Bay Ridge GOP congressional hopeful Michael Grimm touts himself as a successful small businessman, but one of his bungled ventures mainly succeeded in racking up city health code violations.
City health inspectors found “mice and flying insects” as well as other sanitary violations inside Healthalicious, a health food restaurant on Manhattan’s Upper East that Grimm co-owned until he began pursuing a career in politics.
The infestation problems were among three “critical violations” found in the eatery, located between E. 82nd and 83rd streets, last October — around the time that Grimm sold his share in the business. Other inspections showed that the facility wasn’t “vermin proof” and that some foods were not kept properly refrigerated.
Grimm, who is looking to unseat freshman Rep. Mike McMahon (D-Bay Ridge), admits that he cut ties with Healthalicious, but the bugs didn’t force him out — the Second Avenue subway did.
“[Healthalicious] was in a pretty busy spot, but all of its business came from foot traffic,” Grimm said. “When they started building the Second Avenue subway, all of that foot traffic is going to come to a halt.”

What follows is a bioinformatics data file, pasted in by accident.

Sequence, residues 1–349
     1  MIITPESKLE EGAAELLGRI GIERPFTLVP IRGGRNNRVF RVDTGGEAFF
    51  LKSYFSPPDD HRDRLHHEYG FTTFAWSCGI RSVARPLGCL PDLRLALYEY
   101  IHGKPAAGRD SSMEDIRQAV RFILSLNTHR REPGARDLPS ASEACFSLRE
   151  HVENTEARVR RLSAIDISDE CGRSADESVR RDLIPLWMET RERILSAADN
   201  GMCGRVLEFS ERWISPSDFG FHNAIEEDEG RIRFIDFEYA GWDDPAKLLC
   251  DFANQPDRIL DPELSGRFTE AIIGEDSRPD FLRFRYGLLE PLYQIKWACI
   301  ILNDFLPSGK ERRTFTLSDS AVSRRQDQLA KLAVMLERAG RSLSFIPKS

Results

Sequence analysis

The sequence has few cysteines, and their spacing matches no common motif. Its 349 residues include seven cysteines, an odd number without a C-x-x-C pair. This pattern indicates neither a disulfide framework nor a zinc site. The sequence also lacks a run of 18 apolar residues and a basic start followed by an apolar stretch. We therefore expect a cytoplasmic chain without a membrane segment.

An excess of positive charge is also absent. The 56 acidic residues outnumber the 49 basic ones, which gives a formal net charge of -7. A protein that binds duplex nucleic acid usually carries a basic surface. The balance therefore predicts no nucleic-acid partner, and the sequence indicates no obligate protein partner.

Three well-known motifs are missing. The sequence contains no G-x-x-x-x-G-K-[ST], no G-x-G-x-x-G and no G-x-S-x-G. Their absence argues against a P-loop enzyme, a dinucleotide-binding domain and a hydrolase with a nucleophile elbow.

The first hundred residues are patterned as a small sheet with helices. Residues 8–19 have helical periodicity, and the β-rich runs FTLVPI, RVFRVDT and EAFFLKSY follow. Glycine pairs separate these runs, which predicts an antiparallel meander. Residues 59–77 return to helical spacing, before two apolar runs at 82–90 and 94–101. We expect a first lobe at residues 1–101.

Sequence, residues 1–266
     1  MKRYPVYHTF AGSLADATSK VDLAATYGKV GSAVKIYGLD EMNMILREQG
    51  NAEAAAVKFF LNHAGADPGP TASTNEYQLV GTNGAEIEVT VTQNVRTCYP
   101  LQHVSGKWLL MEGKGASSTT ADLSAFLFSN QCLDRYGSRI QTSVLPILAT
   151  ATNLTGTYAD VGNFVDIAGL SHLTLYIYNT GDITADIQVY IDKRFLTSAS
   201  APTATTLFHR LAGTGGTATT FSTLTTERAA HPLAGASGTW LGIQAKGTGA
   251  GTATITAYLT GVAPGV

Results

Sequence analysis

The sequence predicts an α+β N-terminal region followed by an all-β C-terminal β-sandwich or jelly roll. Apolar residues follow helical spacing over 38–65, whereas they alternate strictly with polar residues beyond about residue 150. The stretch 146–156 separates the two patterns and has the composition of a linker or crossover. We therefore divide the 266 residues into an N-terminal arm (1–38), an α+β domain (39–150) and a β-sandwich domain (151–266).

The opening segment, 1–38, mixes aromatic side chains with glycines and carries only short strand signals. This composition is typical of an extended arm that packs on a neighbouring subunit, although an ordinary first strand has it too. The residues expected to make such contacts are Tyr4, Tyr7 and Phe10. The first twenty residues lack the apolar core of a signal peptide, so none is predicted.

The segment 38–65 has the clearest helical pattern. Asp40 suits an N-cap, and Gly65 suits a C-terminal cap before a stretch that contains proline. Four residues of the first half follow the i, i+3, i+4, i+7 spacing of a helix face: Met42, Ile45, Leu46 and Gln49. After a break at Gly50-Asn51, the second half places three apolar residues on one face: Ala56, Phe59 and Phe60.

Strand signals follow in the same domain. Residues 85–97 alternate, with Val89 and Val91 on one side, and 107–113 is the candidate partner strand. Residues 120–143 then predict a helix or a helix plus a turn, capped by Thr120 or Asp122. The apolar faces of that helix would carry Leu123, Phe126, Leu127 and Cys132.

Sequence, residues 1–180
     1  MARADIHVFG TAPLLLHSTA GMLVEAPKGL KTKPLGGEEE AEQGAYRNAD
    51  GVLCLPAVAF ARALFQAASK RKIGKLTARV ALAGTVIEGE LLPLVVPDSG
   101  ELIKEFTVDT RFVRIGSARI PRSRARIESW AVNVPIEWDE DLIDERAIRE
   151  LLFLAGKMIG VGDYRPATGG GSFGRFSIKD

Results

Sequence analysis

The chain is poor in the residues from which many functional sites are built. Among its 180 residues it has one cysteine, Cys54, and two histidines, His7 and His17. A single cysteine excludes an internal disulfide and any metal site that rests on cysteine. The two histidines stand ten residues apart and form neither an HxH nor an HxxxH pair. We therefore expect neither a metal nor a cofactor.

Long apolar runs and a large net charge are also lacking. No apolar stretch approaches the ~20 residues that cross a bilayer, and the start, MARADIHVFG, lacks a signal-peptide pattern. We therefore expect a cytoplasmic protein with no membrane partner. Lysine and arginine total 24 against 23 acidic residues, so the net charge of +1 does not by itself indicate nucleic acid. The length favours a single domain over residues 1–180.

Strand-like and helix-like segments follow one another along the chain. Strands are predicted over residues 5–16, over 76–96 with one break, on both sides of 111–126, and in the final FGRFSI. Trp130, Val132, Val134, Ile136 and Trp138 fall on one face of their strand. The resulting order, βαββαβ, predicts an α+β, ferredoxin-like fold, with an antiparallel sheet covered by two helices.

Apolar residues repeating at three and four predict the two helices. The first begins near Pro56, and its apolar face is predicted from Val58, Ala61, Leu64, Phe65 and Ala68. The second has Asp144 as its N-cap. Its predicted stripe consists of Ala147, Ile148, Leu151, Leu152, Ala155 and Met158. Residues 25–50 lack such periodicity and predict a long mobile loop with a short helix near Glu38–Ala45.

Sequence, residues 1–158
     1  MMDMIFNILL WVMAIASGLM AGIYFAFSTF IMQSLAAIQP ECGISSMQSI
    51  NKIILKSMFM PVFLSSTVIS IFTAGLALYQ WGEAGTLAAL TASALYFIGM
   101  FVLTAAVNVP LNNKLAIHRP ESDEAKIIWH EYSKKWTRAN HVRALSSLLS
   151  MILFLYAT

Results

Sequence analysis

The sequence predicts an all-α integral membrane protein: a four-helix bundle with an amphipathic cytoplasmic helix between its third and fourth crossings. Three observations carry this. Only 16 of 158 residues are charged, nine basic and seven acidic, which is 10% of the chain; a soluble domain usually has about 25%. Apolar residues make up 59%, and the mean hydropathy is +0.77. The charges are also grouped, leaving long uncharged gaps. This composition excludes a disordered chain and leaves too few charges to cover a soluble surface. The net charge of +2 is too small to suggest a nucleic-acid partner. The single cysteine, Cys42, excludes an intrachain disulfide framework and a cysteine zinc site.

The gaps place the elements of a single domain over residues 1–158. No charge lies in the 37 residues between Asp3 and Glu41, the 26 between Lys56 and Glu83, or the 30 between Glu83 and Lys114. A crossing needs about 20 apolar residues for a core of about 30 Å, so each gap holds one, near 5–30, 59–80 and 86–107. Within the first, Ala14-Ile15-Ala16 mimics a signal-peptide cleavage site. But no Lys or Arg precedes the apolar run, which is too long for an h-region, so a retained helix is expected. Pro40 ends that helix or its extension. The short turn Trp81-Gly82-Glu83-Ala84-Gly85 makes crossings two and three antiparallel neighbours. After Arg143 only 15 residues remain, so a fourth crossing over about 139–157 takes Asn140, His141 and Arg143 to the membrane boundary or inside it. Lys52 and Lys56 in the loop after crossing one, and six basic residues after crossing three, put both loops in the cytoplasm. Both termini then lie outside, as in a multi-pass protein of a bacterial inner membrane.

Healthalicious was at least one of Grimm’s two businesses after stints as a Marine and FBI agent. He’s also the CEO of Austin Refuel, a Texas company that turns cooking grease into biodiesel — which Grimm claims began turning a profit two months ago.
The McMahon campaign has been eager to exploit Grimm’s apparent sloppiness.
“Michael Grimm could maybe call himself successful had his food been properly stored, his utensils properly sterilized and had rodents and insects not been present on the premises,” said McMahon campaign spokeswoman Lauren Amendolara. “Brooklynites do not need a careless businessman to help them restore fiscal security — because he can’t.”
Amdenolara was apparently referring to Grimm’s opposition to the federal stimulus package, which McMahon and the Democratic-led Congress pushed last year. Grimm has said that the cash infusion did not help small businesses.
Though he has campaigned as a champion of small business, he’s also pushed earlier this year for a two-year moratorium on the capital gains tax, which affects investors when they sell stock.
The McMahon campaign slammed the proposal, citing a Crain’s New York Business analysis that suggest that a zero percent capital gains tax would trigger a round of profit-taking that would send Wall Street into a tailspin.
The McMahon campaign called the plan “ignorant and amateurish.”
“In these tough economic times, Brooklynites cannot afford to have a representative who will blunder toward jeopardizing their financial security,” the campaign said in a statement.